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Functions & Recent Research Progress
F12 and serine protease
As a serine protease, Coagulation factor XII is important blood coagulation, cleaving the substrates plasma kallikrein and FXI. A series of recombinant F12 protease constructs were characterized by measurement of cleavage of chromogenic peptide and plasma kallikrein protein substrates. This revealed that the F12 protease construct spanning the light chain has unexpectedly weak proteolytic activity compared to β-F12 a, which has an additional nine amino acid remnant of the heavy chain present. The study found that the crystal structure of the light chain protease reveals a zymogen conformation for active site residues Gly193 and Ser195, where the oxyanion hole is absent. The Asp194 side chain salt bridge to Arg73 constitutes an atypical conformation of the 70-loop. In one crystal form, the S1 pocket loops are partially flexible, which is typical of a zymogen. In a second crystal form of the deglycosylated light chain, the S1 pocket loops are ordered, and a short ɑ-helix in the 180‐loop of the structure results in an enlarged and distorted S1 pocket with a buried conformation of Asp189, which is critical for P1 Arg substrate recognition. The F12 structures define patches of negative charge surrounding the active site cleft that may be critical for interactions with inhibitors and substrates.
Figure 1.Prothrombin activation (Nickel Katrin F,2017)
The active form of F12
F12 is a plasma protease that in its active form (F12a) initiates the procoagulant and proinflammatory contact system. This name arises from F12’s unique mechanism of activation that is induced by binding (contact) to negatively charged surfaces. When blood is in contact with negatively charged collagen (the outer wall of the skin's blood vessels) or an allogeneic surface (such as kaolin, glass, etc.), Factor XII is activated by zymogen to XIIa, which activates pre-motorized kallikrein in addition to stimulating factor XI. Activation of kallikrein, under the promotion of high molecular weight kininogen, in turn further activates factor XII, but at this time it is no longer contact activation but peptide bond hydrolysis activation, making it a factor XIIf. This is a positive feedback effect, whether XIIa or XIIf have the same vitality. Various substances have the capacity to trigger F12 contact-activation in vivo including mast cell-derived heparin, misfolded protein aggregates, collagen, nucleic acids, and polyphosphate. However, despite the fact that humans and animals with deficiency in F12 have a normal hemostatic capacity, animal models revealed a critical role of F12a-driven coagulation in thromboembolic diseases. In addition to its role in thrombosis, F12a contributes to inflammation through the activation of the inflammatory bradykinin-producing kallikrein-kinin system. Pharmacological inhibition of F12/F12a interferes with thrombosis and inflammation in animal models. Thus, targeting the F12a-driven contact system seems to be a promising and safe therapeutic anticoagulation treatment strategy, with additional anti-inflammatory effects.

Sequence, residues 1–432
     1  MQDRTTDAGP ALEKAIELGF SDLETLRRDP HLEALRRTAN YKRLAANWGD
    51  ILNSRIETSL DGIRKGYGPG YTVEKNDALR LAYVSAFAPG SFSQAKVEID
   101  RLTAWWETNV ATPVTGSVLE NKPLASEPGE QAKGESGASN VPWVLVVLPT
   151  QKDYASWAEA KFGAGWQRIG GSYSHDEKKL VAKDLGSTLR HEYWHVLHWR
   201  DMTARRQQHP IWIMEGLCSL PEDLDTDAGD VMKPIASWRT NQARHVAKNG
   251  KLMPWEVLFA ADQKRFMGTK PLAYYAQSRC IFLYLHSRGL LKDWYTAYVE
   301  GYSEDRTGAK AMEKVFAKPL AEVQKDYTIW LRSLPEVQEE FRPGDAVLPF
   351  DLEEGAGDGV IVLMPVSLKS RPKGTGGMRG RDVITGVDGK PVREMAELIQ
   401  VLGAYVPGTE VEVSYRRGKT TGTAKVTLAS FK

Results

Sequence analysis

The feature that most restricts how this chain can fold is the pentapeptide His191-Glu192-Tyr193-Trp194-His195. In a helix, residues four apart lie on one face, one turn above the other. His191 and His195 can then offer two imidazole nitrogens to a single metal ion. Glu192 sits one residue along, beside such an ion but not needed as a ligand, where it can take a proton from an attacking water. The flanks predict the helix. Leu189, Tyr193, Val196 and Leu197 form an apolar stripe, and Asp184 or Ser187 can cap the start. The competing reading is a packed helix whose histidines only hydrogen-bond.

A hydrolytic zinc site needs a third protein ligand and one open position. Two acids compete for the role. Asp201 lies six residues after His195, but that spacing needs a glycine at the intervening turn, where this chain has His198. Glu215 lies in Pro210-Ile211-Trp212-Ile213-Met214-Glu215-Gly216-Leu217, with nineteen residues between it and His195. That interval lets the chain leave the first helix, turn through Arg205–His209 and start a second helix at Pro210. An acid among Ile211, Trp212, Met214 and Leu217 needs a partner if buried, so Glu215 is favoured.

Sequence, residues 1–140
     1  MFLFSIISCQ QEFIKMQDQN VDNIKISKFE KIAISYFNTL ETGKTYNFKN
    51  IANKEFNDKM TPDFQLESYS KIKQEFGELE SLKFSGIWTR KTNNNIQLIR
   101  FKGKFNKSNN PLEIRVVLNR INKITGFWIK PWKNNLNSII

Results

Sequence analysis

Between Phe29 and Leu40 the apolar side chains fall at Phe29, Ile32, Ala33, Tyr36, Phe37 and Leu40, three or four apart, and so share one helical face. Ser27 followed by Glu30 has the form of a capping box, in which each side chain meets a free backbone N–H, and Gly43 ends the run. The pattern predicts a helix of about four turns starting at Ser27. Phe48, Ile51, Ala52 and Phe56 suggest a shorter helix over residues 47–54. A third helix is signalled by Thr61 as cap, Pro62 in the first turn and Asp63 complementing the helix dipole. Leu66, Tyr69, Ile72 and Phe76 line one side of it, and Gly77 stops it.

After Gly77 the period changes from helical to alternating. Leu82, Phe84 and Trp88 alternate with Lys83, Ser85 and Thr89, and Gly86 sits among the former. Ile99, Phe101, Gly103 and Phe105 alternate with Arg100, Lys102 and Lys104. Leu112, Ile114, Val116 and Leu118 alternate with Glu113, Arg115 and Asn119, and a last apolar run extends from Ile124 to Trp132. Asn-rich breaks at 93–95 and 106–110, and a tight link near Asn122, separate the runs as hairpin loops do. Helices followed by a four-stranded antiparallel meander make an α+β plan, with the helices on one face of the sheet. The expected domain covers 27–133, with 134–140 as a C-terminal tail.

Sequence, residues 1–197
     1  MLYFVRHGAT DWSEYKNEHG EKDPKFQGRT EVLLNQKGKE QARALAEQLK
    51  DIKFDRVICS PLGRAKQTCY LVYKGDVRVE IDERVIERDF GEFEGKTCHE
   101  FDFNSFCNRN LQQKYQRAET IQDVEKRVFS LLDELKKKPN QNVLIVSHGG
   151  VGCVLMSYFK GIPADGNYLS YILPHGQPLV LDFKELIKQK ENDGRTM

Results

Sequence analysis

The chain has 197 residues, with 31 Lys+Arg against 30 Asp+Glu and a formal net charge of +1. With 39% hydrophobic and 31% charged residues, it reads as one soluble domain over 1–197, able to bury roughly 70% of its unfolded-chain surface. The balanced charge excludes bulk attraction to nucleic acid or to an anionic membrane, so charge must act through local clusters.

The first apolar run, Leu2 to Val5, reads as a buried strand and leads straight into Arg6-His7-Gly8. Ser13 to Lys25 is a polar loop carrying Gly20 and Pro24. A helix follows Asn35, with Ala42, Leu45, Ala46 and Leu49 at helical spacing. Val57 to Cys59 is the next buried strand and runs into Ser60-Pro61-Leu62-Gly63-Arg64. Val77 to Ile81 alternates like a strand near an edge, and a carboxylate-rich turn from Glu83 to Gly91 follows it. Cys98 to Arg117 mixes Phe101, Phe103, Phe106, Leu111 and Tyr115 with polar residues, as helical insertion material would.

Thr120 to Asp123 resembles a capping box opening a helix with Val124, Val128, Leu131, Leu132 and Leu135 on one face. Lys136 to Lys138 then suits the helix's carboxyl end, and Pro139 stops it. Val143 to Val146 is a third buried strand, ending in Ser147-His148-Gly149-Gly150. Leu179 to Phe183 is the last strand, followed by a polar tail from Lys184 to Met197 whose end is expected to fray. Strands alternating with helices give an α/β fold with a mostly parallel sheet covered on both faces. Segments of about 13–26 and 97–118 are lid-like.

F12 and ogen
Activated coagulation factor XII (ɑ-F12a) is able to bind to fibrin(ogen) and increases the density and stiffness of the fibrin clot. Conversely, proteins of the contact system and the fibrinolytic system show a high degree of homology and ɑ-F12a can convert plasminogen into plasmin resulting in fibrin degradation.
Surface-induced activation of coagulation factor XII is a critical part of the intrinsic pathway of blood coagulation, and its active form (F12a) can initiate procoagulant and proinflammatory contact systems. In addition, activated coagulation factor XII plays an important role in overall clot stability and fibrinolysis. Factor XII is a serine protease that is important for kinin production and blood coagulation, cleavage of substrate plasma kallikrein and FXI.